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Industry in Action – Phoenix nature reserve

Johnson Matthey’s Phoenix nature reserve is located on the outskirts of Billingham.  Of all the industrial sites on Teesside, this is probably the one that is closest to residential areas, and in fact the woodland block of the nature reserve directly abuts a street of housing.  

The western end of the Phoenix site was allocated as a wildlife area in 2012.  It covers approximately 2ha and its main ecological interest is based around the open habitats in the cutting of a former railway line that ran under New Road.  It also incorporates a thin strip of semi-mature, mixed woodland which occupies the western embankment.  Although not part of the nature reserve there is also significant botanical and invertebrate interest on the swathe of Johnson Matthey’s land immediately to the east of the cutting.  The 25 butterfly species that have been recorded here make it possibly the most diverse site for butterflies in North East England, but more importantly three of those, White-letter Hairstreak Satyrium w-album, Dingy Skipper Erynnis tages and Grayling Hipparchia semele, are UK Priority Species and until recently it held the only colony of Brown Argus Aricia agestis in the North East.  The importance of the site may well extend to other insect groups and, for example, the site had only the second North East record for each of Green Shieldbug Palomena prasina, Hairy Shieldbug Dolycoris baccarum and Water Stick-insect Ranatra linearis.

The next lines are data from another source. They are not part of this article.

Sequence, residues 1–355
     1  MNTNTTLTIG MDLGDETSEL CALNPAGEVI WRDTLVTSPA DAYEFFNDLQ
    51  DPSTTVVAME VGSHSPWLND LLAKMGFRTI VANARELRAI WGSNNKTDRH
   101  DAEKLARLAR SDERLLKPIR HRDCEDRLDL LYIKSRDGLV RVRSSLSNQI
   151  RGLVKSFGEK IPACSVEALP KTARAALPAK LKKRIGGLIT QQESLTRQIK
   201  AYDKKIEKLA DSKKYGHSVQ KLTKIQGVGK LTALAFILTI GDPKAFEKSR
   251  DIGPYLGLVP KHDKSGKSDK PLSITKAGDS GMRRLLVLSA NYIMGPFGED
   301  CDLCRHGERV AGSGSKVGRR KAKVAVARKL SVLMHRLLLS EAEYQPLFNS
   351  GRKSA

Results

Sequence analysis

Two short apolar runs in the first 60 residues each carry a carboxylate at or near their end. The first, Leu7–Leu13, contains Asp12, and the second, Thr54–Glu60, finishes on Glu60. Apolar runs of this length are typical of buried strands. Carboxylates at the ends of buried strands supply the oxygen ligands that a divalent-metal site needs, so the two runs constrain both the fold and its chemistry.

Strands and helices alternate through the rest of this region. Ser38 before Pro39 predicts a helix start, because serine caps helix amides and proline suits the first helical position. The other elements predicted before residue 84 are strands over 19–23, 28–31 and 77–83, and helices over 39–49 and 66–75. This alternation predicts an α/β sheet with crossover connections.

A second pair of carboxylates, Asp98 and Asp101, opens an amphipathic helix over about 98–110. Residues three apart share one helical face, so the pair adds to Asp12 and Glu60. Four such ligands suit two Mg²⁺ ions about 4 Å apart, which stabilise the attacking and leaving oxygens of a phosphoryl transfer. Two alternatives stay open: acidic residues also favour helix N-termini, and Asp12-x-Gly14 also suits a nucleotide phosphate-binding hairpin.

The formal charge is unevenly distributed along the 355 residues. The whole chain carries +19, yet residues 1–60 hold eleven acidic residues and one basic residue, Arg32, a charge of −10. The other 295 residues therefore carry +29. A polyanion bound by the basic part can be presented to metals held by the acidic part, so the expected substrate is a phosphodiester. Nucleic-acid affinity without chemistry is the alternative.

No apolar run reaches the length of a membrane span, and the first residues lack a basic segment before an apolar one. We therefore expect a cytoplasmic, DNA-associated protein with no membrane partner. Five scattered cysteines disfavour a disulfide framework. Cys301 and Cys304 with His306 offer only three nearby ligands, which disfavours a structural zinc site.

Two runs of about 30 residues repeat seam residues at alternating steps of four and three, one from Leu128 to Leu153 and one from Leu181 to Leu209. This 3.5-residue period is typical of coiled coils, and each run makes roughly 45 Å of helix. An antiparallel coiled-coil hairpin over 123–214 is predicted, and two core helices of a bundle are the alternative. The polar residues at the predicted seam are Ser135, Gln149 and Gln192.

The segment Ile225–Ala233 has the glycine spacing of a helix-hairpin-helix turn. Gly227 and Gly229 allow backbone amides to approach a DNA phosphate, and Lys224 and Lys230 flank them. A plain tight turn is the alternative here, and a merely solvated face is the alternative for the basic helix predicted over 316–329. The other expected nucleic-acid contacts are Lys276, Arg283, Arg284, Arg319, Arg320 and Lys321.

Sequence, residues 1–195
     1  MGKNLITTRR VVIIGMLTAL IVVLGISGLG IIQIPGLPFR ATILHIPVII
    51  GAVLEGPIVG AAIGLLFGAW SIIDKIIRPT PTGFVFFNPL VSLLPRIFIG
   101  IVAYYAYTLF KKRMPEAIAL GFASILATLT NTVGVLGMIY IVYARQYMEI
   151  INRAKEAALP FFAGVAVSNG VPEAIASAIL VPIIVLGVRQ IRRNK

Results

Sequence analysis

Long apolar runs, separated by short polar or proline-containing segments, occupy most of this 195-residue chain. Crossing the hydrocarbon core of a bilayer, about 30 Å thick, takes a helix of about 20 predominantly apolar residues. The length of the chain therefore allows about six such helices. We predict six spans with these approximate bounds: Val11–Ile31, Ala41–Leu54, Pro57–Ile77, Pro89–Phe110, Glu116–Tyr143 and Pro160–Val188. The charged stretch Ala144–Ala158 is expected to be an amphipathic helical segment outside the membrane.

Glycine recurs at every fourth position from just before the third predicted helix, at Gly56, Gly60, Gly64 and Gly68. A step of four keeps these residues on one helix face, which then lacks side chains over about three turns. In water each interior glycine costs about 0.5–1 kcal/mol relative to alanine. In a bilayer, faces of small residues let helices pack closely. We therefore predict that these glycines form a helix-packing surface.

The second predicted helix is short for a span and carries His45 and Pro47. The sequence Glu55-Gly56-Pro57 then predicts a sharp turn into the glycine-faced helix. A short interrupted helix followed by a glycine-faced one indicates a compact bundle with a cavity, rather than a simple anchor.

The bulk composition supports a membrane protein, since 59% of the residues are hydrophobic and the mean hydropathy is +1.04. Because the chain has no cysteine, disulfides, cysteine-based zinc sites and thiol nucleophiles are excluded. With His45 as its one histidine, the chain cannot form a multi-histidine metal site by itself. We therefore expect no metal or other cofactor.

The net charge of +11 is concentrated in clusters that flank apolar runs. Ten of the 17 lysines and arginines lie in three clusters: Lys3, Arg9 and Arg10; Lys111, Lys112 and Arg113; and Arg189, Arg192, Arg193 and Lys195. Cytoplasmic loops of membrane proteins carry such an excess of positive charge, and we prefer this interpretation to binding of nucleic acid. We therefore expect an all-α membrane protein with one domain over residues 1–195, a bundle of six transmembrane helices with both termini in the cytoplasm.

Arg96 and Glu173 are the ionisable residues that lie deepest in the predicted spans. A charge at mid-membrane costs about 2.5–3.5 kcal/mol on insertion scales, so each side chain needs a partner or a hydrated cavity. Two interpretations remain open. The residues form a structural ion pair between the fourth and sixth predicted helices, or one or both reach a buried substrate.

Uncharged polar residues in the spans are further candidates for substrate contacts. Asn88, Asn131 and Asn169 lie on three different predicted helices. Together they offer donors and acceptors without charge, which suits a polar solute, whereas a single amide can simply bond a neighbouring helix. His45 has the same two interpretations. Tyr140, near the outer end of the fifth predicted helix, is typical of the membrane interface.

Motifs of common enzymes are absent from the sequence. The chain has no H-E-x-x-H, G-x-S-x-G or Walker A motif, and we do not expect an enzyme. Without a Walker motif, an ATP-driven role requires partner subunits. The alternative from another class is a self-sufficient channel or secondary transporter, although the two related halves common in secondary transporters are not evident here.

Members of Butterfly Conservation and CIEEM assemble for a “bioblitz” of Johnson Matthey’s Phoenix Site.

From the outset there has been a high level of staff involvement in managing the nature reserve through an annual programme of works, most of which Johnson Matthey staff carry out themselves with help from INCA.  Their efforts were recognised and rewarded in 2017 when they won the company’s 3C Sustainable Communities award, which came with a prize of £5k.  The money was spent on access improvements, installing steps down into the cutting and up into the woodland and providing an interpretation board and route markers.  The long-term aim is to make this a special place that all Johnson Matthey staff can access, but for now a lunchtime walk is arranged on a weekly basis over the spring and summer to observe and record wildlife.  The achievements of Johnson Matthey staff on the Phoenix site received wider recognition in 2017 in winning a “Green Apple” Gold award from the Green Organisation, which recognises good environmental practice.  Rather than resting on their laurels, in 2018 the team created a pond in the cutting (using Bentonite clay as a sealant) and cleared a glade within the wooded embankment to create a literal “hotspot” for insects.  

Fields of gold. Summer brings the best out of a butterfly meadow at
Johnson Matthey.

Johnson Matthey has also started to open up the site to other group’s for accompanied visits.  In 2018 they hosted the first biodiversity exchange visit between members of “green teams” from various industrial companies on Teesside, with the aim of sharing ideas and information on how to bring further benefits to wildlife on each other’s sites.  In 2019 several site visits were arranged for members of the local branches of both the Chartered Institute of Ecology and Environmental Management and Butterfly Conservation.